Dialogue around menswear is quite often rooted in the search for future classics; with regular nods to enduring icons Beaton, Bailey and Bowie. At Mr Porter – the venerated online retailer – content, commerce and ‘classic’ make up the triage of values that have contributed to its phenomenal growth. This month the brand unveils its first foray into ready-to- wear.
The line, entitled Mr P, has been shaped by seven years of intel gathered since the site launched in February 2011. Style director Olie Arnold, says: ‘We’re all self-confessed product nerds and we aren’t one of those sites that throws any brand or product up. We pour over everything that we do.’
The buyers looked at the pieces that they returned to year upon year to establish the core of Mr P. ‘We have been talking about this for a while – we wanted something that was of the highest quality, that appeals to a wide section of people. We didn’t want it to be a niche brand. We know what our customers like and we wanted to offer them pillars of a man’s wardrobe, but made the best that we could.’ Certain collars, fits and buttons have been used to reflect a sophistication that isn’t, as Arnold puts it, ‘in your face’.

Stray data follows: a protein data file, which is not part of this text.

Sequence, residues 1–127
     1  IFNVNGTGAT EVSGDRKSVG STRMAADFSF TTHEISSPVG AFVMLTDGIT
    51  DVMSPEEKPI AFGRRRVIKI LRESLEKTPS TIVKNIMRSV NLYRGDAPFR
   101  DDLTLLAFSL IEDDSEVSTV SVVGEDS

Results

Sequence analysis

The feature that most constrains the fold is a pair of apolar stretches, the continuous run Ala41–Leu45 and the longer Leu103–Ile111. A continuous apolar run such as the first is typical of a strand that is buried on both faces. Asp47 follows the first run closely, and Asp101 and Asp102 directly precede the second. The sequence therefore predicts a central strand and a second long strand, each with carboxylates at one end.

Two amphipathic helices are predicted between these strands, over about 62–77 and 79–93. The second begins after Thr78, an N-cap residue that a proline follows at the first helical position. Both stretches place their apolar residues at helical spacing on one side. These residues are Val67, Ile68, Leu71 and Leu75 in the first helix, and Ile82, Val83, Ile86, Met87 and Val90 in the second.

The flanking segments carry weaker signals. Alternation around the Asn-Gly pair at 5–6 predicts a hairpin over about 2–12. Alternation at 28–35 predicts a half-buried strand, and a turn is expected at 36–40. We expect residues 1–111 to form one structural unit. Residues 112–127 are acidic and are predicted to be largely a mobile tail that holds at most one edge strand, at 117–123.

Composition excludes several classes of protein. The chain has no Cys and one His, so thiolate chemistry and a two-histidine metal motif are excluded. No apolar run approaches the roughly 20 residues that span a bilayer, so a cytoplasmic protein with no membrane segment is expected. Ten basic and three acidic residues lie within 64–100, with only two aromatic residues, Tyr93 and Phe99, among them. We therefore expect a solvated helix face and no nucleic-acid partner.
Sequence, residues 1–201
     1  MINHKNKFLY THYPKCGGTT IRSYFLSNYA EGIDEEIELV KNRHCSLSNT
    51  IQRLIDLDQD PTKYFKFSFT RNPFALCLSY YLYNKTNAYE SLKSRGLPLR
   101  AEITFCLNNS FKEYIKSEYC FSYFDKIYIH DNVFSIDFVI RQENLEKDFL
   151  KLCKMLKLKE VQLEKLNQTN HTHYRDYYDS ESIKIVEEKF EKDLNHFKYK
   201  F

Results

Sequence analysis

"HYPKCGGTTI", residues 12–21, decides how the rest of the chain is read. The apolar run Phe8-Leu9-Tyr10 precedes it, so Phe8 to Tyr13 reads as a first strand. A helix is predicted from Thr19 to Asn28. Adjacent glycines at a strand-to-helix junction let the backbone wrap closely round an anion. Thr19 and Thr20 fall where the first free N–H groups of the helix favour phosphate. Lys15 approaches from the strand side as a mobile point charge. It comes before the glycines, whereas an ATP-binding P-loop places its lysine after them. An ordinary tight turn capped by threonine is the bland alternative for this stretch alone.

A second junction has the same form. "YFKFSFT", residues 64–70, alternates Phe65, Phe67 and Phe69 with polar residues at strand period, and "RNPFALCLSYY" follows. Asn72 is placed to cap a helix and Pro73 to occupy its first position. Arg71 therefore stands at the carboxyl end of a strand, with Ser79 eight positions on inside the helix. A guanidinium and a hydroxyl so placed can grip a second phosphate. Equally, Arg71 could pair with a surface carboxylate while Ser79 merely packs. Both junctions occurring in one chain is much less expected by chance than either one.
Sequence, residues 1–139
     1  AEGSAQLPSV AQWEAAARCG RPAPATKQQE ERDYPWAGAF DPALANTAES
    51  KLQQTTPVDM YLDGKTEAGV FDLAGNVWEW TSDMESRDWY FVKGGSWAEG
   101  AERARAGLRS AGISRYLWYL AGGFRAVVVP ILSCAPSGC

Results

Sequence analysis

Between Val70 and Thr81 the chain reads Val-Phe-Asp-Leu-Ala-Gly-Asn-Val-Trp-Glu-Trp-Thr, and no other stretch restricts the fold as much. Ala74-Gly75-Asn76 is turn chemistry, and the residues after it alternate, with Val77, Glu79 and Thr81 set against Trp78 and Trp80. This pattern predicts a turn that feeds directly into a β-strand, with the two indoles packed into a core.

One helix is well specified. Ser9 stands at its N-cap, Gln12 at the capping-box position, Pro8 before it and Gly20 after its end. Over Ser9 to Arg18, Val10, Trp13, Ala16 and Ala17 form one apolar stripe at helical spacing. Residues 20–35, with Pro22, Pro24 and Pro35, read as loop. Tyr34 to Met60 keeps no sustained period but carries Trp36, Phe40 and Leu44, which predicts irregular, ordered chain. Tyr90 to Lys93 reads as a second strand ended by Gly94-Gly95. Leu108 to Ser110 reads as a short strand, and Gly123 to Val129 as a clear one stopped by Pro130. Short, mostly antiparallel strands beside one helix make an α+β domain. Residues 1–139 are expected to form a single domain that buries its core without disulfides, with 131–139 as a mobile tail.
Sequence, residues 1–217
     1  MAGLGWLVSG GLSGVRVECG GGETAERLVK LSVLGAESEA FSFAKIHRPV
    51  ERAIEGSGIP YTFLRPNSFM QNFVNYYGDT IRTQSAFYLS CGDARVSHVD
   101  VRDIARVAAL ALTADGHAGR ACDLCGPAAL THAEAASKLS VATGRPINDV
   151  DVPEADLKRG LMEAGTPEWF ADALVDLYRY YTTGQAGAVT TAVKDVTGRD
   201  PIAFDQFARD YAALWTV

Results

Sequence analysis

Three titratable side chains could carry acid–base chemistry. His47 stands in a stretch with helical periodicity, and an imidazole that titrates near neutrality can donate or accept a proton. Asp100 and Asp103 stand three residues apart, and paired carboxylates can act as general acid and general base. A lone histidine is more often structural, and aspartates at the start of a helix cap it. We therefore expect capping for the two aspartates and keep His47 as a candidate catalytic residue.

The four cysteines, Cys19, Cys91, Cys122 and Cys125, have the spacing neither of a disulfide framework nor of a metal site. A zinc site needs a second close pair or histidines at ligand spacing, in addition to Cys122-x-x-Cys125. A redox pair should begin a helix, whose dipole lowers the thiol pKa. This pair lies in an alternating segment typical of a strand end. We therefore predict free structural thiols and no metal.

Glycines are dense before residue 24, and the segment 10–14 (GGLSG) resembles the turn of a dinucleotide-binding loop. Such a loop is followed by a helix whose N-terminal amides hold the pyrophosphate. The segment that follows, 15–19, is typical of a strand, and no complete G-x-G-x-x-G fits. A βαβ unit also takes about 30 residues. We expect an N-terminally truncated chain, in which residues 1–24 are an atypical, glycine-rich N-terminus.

The debut includes 53 items across ready-to- wear, including 24 styles available all year round and 29 seasonal pieces within a capsule inspired for launch by the British painter Lucian Freud. ‘We can directly respond to men’s buying habits. Like offering Winter coats in December-February when it’s actually cold. Or light Summer wear dropping in June and July vs the traditional seasonal calendar,’ says buying director Fiona Firth.
‘The core pieces are building blocks, where a man can create an evolving, modular wardrobe perfect to expand upon with seasonal style and colour. Silhouettes will change, but a white oxford shirt, stone-coloured chinos or a white t-shirt are timeless.’
Timeless doesn’t mean humdrum. Mr P’s 15-gauge cashmere knitwear, modernised Oxfords and Japanese selvedge denim are informally up-to- date. ‘In the 18 years that I’ve been working in menswear I think the approach to classics has changed,’ Arnold says. ‘Classics are always moving and so we have looked at updating the fit of things.’
He cites the drawstring trouser as something of a new staple. ‘It might have started off as a jogger, worn at home or in the gym, but now we see it in wool or cashmere. It has become more than just a fad. It’s now an integral part of a man’s wardrobe.’ Mr P is for the many, not the few. ‘We spent a long time working on this with our customers,’ Arnold concludes. ‘So we aren’t just talking to ourselves.’ The collection is available to purchase from 7 November.